Homemade Pancetta

Pancetta is Italian cured pork belly. I had looked into making it myself before, but the recipes I found required a curing chamber. A curing chamber is a cabinet with controlled temperature and humidity. Even for me it seems over the top to own one. But then I realised that pancetta was originally invented to preserve pork belly when refrigerators had not yet been invented (let alone curing chambers), so I figured that a cellar should do the trick as well. We don’t have a cellar, but in winter our garage comes pretty close with a temperature around 16ºC/60ºF. So I compared many recipes I found online on Italian blogs, on American blogs, and in the end based my first homemade pancetta upon a Dutch blog called missFromage (I bet Shanna likes that name!).

Making your own pancetta is quite easy and not a lot of work, it just requires a bit of patience. The result was great! My first homemade pancetta has a more elegant and detailed flavor than store-bought pancetta available around here. As an added bonus it is cheaper as well. Thanks missFromage for making it look as easy as it actually is! I will definitely make this again.

Great pancetta on a great board…

The start is always a nice piece of pork belly. The first step is to salt the pork belly and refrigerate it for 7-10 days. There are many variations on the spices that are added to the salt for this process, and many variations on how to do this including putting the pancetta on an inclined surface so the juice flows down, using a ziploc bag and turning and massaging the pork belly on a daily basis, and putting a weight on top of the pork belly like when making gravlax. I decided to keep it simple and vacuum seal the pork belly with the salt and spice mix. Another decision to take here is whether to add nitrates at this point. Nitrite or nitrate (curing salt, pink salt, or saltpeter) are used to protect against botulism. Americans will probably decide to use it. The risk of botulism in an intact muscle like pork belly is very low, and in Europe it is not traditional to use it. Nitrates/nitrites change the color and the flavor of the pancetta.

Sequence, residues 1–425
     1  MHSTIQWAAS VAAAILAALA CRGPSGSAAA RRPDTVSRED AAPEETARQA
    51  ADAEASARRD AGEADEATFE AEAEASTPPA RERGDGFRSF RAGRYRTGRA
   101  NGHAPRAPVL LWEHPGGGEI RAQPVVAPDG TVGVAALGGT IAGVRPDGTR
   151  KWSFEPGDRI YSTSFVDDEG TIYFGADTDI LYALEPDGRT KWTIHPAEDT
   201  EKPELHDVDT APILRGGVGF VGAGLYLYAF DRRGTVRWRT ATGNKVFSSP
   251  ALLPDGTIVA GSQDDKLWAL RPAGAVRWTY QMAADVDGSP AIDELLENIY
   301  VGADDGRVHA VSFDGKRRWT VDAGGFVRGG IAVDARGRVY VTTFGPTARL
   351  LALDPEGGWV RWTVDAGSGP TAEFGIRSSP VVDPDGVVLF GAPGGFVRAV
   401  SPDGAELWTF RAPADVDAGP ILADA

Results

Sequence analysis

The second step is to rinse off the salt and cure the pancetta by hanging it up to dry for at least a week. Some recipes wash the pancetta with white wine. You can decide to roll up your pancetta, or keep it flat (pancetta tesa in Italian). It is a good idea to protect the pancetta from bugs and other outside influences while it is curing. If you don’t have a curing chamber, you can build a cage with a mosquito net around it, or wrap the pancetta in cloth. You will need a place where air can flow freely and the temperature is below 20ºC/68ºF or so. My garage did a fine job. A final decision is how long to cure the pancetta. I was too curious what is what like after two weeks, but I’ll probably leave it for another week or so next time as it had not yet reached a weight reduction of 1/3, which is indicated for pancetta. Here’s what I did…


Will yield about 1 kilogram (2.2 lbs) of pancetta

1500 grams (3.3 lbs) pork belly, without rind